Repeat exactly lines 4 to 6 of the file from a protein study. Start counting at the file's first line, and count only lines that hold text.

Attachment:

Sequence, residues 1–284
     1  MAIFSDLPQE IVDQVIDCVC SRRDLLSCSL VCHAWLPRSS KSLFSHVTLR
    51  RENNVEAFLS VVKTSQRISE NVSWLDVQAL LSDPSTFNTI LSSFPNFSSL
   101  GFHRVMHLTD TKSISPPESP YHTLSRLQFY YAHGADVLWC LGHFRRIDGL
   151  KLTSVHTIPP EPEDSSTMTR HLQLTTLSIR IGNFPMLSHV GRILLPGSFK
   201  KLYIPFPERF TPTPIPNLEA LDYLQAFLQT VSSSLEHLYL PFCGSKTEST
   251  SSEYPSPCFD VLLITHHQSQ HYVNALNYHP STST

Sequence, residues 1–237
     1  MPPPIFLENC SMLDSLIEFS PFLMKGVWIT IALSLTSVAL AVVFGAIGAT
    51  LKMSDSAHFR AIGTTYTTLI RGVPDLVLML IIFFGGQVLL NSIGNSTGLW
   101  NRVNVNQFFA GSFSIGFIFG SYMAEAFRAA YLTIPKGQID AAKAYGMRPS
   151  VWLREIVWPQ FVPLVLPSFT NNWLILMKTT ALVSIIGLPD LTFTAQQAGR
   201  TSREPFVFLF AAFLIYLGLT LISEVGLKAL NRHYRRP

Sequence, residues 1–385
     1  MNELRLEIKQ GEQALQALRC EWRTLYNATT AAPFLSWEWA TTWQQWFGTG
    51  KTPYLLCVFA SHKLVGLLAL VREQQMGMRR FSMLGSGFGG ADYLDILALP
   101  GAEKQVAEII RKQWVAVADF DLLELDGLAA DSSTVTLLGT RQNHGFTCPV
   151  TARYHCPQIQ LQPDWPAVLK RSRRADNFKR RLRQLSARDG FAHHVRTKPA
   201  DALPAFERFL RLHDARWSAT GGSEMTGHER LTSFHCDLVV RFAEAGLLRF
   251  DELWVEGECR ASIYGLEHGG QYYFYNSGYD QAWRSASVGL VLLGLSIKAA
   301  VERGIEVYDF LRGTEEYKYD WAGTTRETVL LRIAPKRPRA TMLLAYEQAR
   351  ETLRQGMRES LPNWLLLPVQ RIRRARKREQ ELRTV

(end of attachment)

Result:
   101  GFHRVMHLTD TKSISPPESP YHTLSRLQFY YAHGADVLWC LGHFRRIDGL
   151  KLTSVHTIPP EPEDSSTMTR HLQLTTLSIR IGNFPMLSHV GRILLPGSFK
   201  KLYIPFPERF TPTPIPNLEA LDYLQAFLQT VSSSLEHLYL PFCGSKTEST